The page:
Raeburn Chardonnay 2016, Russian River Valley
Cost: $19-21
T he Russian River Valley has been an official wine region for for about 35 years, but it has been only in the past 10-15 years that it has become known as a source for spectacular wines.
I remember about 30 years ago when a friend in the wine industry kept telling me about the great wines coming from the Russian River Valley. I didn’t know anything about them, so when I visited him he took me to several wineries.
I was blown away by the chardonnay and pinot noir that was being produced in the region and have been a big fan ever since. I also loved the scenic beauty of the Russian River Valley, with many hillside vineyards and a gorgeous river running out to the Pacific Ocean.
Derek Benham started making wine in the region about that same time, under various labels. His latest is Raeburn, and their chardonnay and pinot noir are spectacular, and great bargains.
Derek Benham: “Dinner without wine feels naked. It feels like the food is bland.”
“When I started in the Russian River Valley, there were more apple orchards than vineyards,” Benham said in a phone interview. “It was the apple-growing epicenter of the country, if not the world.”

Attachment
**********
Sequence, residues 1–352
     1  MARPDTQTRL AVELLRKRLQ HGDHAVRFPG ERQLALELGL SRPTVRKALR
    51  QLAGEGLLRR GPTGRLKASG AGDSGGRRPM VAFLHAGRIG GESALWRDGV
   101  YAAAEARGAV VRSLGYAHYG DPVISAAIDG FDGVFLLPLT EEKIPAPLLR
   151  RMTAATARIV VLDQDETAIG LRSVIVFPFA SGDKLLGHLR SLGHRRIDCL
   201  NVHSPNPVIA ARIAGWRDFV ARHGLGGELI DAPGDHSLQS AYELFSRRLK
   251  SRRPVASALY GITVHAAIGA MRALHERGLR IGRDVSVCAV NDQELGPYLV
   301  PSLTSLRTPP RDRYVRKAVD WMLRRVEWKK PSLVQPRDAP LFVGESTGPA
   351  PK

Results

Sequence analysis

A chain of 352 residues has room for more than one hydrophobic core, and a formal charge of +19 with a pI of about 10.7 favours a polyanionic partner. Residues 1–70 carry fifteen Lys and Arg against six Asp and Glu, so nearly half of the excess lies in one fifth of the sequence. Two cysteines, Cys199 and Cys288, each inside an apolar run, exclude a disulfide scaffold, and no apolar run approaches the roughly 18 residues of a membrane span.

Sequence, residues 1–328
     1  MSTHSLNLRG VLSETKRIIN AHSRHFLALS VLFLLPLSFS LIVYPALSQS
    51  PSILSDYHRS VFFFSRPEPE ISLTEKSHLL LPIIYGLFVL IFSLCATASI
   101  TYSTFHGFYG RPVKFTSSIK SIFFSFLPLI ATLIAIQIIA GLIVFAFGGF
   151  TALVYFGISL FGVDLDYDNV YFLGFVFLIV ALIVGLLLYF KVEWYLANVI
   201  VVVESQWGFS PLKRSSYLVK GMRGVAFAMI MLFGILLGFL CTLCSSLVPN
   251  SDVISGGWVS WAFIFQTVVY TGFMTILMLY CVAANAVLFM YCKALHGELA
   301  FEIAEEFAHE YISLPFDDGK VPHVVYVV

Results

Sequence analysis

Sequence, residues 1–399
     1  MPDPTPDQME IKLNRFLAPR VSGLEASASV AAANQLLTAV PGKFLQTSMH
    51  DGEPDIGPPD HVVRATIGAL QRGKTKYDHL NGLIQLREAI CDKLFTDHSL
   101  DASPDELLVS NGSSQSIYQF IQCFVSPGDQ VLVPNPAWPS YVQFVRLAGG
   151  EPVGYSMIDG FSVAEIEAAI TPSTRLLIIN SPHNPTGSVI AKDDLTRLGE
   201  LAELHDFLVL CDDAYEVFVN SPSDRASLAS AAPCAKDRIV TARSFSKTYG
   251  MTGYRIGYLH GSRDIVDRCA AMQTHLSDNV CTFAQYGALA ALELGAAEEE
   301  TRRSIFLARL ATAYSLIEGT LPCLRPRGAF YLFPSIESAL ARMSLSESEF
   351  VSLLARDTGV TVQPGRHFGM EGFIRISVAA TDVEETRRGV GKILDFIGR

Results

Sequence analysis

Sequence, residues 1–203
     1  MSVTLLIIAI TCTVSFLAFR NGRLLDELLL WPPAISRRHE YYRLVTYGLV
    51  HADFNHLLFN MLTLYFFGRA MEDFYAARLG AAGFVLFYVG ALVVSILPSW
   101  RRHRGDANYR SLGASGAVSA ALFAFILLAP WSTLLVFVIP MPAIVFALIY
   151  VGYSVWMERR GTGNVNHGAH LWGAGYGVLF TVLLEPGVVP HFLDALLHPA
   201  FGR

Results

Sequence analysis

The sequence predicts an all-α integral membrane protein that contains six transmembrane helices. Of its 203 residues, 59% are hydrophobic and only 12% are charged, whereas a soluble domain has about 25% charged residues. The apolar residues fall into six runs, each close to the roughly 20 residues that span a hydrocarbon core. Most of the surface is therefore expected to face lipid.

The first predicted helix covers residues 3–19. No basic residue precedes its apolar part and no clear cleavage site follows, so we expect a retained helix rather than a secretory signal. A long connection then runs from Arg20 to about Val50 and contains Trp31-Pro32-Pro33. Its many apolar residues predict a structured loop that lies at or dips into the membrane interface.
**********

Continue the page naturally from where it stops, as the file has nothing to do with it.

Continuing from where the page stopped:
As growers discovered the Russian River had ideal soil and climate conditions for growing chardonnay and pinot noir, they started buying apple orchards and turning them into vineyards.
“You’ve got this consistent climate and the maritime influence from Bodega Bay and the rivers, and that’s ideal for those grapes,” said Benham. “What the Napa Valley with its intense heat is to the Bordeaux varietals (cabernet sauvignon, merlot, sauvignon blanc), the cool-climate Russian River Valley is to the Burgundian varietals (chardonnay and pinot noir).
“I honestly don’t think there is a better place for pinot. There are really good pinot and chardonnay pockets down the coast range, but acre for acre, vine for vine, I’ve never found a better place to grow pinot and chardonnay.”
Russian River chardonnays are known for their great acidity and crisp apple and pear flavors. The Raeburn chardonnay ($19-21) is a great example. It is an elegant wine, with flavors of pear and green apple, with a hint of nectarine. Toasted oak, vanilla and a suggestion of creme brulee smooth out the bright fruit flavors. It has a long, lingering finish.
The vineyards are cooled by daily fog from the Pacific Ocean. As the fog burns off, temperatures can rise by 35-40 degrees. This allows the grapes to ripen slowly, over a long period of time. The flavors get more intense and the natural acidity keeps it all fresh.
After a gentle pressing, 75 percent of the juice is fermented in French and Hungarian oak barrels, 50 percent new. About 75 percent of the wine then goes through malolactic fermentation. The wine spends six months aging sur lie.
“We don’t 100 percent barrel ferment, or 100 percent malolactic, but we give it enough to give it a creme brulee hint,” said Benham. “We don’t want to over-oak. I don’t like a cloying chardonnay. Oak adds a little weight and balance, but you have to be careful with it.”